The head of research at Finnish cyber security firm F-Secure, Mikko Hyppönen, said that the lengthy Facebook outage on Monday was exceptional.
Social media platforms Facebook, Facebook Messenger, Instagram and WhatsApp were down for around six hours on Monday evening, Finnish time.
The problem also affected companies that use Facebook as a sign-in service as well as the highly popular Instant Messaging service WhatsApp.
The social media giant said routers which control traffic between its data centres were updated, causing Facebook's services to collapse.
Spread out servers
"It's a bit like fixing your apartment door from the outside and posting your keys through the letterbox," said Hyppönen, who has worked in IT security for more than three decades.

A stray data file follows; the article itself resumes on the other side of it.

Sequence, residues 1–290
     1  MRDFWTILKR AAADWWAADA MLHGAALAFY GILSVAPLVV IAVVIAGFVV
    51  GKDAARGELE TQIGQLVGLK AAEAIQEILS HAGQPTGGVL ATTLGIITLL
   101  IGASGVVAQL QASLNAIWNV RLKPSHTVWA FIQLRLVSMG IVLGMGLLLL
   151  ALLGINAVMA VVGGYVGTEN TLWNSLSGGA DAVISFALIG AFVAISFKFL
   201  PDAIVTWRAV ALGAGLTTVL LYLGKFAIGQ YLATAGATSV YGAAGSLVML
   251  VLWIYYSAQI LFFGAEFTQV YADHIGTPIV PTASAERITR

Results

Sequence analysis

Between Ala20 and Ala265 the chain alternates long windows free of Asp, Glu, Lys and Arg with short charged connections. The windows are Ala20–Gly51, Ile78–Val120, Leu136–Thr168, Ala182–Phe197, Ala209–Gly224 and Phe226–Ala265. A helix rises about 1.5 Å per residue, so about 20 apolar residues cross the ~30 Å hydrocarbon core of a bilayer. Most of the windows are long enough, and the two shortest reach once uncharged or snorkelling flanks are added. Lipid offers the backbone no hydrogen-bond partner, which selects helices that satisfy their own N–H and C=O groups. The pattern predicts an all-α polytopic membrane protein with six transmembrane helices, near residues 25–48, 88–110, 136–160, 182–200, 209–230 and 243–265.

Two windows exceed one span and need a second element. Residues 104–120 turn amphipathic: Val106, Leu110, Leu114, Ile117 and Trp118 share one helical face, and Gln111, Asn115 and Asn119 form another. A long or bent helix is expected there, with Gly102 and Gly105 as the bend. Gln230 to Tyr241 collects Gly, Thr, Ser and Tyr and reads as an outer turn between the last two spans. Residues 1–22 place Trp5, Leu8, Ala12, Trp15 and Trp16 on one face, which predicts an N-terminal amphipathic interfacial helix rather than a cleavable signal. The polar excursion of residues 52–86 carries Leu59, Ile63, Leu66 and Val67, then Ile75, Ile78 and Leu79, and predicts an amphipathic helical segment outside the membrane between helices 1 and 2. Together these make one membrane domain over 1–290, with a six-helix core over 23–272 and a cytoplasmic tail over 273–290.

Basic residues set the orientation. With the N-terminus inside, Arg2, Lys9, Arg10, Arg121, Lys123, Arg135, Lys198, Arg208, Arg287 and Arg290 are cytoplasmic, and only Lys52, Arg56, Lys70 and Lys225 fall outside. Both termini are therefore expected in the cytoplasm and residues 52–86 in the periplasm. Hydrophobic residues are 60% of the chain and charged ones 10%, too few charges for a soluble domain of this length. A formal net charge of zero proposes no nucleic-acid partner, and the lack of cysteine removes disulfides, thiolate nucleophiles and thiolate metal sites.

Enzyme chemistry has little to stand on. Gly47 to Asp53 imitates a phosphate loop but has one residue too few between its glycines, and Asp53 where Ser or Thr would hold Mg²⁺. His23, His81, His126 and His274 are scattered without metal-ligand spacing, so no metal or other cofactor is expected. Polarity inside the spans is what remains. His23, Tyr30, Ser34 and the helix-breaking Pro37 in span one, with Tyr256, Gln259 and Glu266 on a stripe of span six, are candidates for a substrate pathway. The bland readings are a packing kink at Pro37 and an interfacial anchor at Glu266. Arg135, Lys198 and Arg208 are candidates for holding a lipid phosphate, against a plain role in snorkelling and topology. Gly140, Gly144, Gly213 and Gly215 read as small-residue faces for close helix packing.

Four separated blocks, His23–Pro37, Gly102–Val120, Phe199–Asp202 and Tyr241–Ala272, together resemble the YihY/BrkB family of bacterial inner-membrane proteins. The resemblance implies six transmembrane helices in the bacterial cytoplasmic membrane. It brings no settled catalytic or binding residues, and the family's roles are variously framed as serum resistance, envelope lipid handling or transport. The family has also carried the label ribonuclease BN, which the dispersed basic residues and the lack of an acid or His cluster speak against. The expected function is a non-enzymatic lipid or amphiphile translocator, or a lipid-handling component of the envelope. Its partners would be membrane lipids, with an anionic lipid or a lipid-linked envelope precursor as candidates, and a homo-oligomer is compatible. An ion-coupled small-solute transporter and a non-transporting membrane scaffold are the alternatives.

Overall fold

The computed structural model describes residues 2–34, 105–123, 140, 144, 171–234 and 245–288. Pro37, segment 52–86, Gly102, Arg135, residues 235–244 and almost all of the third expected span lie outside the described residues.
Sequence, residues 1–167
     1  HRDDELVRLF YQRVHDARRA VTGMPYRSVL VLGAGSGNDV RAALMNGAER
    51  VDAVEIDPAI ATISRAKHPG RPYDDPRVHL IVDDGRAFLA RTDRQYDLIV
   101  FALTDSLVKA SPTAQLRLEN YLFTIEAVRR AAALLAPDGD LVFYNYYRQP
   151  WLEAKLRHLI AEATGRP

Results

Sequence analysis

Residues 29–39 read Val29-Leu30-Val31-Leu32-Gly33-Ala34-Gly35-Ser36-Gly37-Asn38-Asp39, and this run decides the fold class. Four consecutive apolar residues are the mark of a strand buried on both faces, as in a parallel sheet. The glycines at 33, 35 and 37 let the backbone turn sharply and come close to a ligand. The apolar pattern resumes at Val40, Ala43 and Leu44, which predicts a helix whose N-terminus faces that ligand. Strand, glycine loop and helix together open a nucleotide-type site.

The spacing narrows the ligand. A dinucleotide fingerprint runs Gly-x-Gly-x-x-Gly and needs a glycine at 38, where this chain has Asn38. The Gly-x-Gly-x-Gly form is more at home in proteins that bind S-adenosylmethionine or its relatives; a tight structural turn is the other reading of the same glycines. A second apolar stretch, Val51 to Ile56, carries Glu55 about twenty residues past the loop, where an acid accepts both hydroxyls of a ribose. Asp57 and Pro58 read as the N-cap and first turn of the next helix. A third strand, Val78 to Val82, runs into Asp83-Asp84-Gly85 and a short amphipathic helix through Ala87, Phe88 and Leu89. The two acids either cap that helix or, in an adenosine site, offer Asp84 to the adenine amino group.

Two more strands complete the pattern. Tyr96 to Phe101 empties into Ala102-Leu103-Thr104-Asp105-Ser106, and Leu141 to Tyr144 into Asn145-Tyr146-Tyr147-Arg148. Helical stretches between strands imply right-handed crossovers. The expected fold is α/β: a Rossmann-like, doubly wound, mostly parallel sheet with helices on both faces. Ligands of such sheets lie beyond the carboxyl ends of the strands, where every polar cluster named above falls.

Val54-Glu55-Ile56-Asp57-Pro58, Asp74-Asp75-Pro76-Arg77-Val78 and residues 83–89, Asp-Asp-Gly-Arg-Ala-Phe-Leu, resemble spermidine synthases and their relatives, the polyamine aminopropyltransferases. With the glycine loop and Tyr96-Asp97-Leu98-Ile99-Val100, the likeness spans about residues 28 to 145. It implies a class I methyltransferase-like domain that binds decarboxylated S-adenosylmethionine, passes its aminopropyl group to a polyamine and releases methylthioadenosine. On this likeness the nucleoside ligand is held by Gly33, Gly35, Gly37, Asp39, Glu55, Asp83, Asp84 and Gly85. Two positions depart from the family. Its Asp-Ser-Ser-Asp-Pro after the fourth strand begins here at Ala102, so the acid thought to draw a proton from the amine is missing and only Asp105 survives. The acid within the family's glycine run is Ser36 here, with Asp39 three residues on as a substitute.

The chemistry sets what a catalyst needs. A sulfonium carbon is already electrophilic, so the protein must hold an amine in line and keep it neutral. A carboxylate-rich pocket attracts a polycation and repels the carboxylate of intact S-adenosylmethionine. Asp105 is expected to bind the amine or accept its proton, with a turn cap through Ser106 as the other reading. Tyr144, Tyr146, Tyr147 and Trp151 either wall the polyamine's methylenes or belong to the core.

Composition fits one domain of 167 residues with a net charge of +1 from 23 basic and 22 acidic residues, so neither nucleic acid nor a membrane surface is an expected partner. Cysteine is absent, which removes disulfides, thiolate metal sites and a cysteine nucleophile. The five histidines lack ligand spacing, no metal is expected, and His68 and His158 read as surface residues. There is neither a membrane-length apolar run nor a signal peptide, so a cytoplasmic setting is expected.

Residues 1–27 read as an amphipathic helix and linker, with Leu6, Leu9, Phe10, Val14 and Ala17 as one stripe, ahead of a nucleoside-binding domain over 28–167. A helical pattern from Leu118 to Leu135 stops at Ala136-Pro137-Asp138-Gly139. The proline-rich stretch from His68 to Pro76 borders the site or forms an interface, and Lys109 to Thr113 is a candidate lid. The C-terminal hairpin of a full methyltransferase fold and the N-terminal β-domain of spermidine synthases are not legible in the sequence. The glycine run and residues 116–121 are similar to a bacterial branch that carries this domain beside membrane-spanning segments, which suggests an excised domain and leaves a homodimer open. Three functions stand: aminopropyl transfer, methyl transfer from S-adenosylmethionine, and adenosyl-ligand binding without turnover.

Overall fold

He says it would be better — and more secure — if online services were offered by different companies across the world, and we were not so reliant on one or two US companies for sign-in and authentication purposes.
That over-reliance makes the whole internet vulnerable to disruption, he said.
"It's really significant if for example WhatsApp is down for six hours," said Hyppönen.
In the future, the online connection infrastructure will be as important as electricity, according to Hyppönen.
"The world has changed so much, and we are on the cusp of new things," said Hyppönen.
While the internet offers tremendous opportunities and enables cross-border interaction, it is also an avenue for criminal activity, among other things.
In terms of reducing risk on the internet, Hyppönen said he was most concerned about people over the age of 25 — people who have not been affected by the global network since birth.
He said people under the age of 25 understand the inherent risks of the internet better than older people do.
Hyppönen, a columnist for Wired and other publications, has worked for F-Secure for 30 years.